Results over the last decade suggest the Bledisloe Cup rivalry is dying. But the mood in the respective camps leading into the first clash of 2017 suggests the series has never been in such good health.

And regardless of what happens on the field, the next two weeks should validate the Bledisloe Cup as a symbol of one of the most intense and enduring rivalries in world rugby. The drama should go through the roof on the back of the verdict of the so-called 'Spygate' hearing which is due some time late next week.

One way or another, suspicion between the two teams will rise: ill-feeling will increase too and sparks will inevitably fly when the two meet in Sydney and then Dunedin. The backdrop of Spygate guarantees that the next two weeks will be compelling - that the relationship between the two sides will be tested further.

And this is the key to what makes this rivalry work. There's genuine tension and feeling between the two teams.

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The Wallabies maybe don't get how much they mean to New Zealanders. They appear to think that they are held in contempt, not respected, not admired and not liked. The last bit, not being liked, is maybe true but the rest isn't.

What Australians seem to miss is that this All Blacks side is driven by the biggest challenges. They tend to lift, play their best rugby, when they perceive that the occasion is bigger than most and the Wallabies should understand that the Bledisloe Cup, no matter the results since 2003, sets wires snapping and fuses burning within the All Blacks. It says plenty that Ben Smith doesn't want to begin his sabbatical until after the first two tests of the Bledisloe series and it says even more that the All Blacks see retaining the Bledisloe Cup as a higher priority than winning the Rugby Championship.

It still means a lot to beat Australia. It still feels that it's something to be proud of and the Wallabies can simmer away, feeling they don't command respect this side of the Tasman, but they really do.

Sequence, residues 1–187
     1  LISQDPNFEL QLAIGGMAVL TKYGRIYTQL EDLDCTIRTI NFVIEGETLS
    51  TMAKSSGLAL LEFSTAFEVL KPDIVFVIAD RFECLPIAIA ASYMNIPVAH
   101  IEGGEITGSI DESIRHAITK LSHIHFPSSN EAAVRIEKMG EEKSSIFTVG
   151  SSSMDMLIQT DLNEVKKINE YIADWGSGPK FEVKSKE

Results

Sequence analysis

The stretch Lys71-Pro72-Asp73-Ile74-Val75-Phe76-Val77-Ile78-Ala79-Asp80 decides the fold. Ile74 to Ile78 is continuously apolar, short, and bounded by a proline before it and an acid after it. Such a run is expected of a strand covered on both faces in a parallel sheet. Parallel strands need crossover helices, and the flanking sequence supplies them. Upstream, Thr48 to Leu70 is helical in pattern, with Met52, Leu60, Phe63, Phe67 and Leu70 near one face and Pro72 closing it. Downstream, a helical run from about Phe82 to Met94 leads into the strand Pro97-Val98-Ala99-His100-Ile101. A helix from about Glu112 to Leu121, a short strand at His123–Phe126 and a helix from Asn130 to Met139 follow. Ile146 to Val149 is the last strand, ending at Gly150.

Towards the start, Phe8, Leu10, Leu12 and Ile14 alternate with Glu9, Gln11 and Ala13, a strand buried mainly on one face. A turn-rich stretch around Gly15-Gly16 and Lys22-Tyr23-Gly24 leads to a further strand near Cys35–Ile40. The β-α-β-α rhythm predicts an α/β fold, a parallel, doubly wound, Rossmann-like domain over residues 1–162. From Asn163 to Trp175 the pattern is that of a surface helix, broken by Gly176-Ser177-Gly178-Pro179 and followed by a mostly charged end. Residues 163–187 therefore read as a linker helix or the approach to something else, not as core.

Even though Australian teams didn't win a single Super Rugby game against New Zealand opposition this year, the All Blacks know the Wallabies will be in their face and more than capable of winning.

"We have got to get the whole squad up to a point where they are ready for battle," says assistant All Blacks coach Ian Foster. "We need to step it up. We have got to rebound [from the Lions series] and come in strong to make a bit of a statement in this championship.

"It was an exciting series and it finished in an interesting spot and we have gone away and done a lot of work on how we could be better. And we have got to make sure that we have learned some lessons.

"We have to start well and the Sydney test has always been a massive starting point for us. We will be playing an Aussie team that has been pretty well prepared these last three or four weeks."

Whatever everyone else may think of the Wallabies, the All Blacks see things differently. There's an argument, a strong one, too, that the Bledisloe Cup rivalry is dying because the Wallabies have only won seven of the 42 Bledisloe tests against the All Blacks since 2003.

It's a shocking record. and one that fairly reflects the contrasting fortunes of the two countries' respective wider rugby development programmes. In that same period New Zealand have collected nine Super Rugby titles, won the Junior World Championship six times and been World Series Sevens champions nine times.

Australia, by contrast, have enjoyed just three Super Rugby titles. But worse than that, they have seen registered playing numbers drop, average crowd sizes at Super Rugby games cut almost in half and the sport entrench itself as the fourth winter code. It all feels a bit desperate; a bit like there is no value at all in the rivalry and that the All Blacks turn up, win and no one really cares because it's all so predictable and familiar.

Yet however much that idea may seem to hold weight, the All Blacks feel it's a million miles from the truth. The All Blacks may have dominated since 2003 but it hasn't been easy. There has been the odd drilling along the way, but mostly the All Blacks have had to scrap to the death to win.

There have also been two draws in the period and with a bit of luck, or composure or maybe both, the Wallabies could have doubled their number of victories and the statistics would be there to back the emotional confirmation about how much the Bledisloe Cup still means.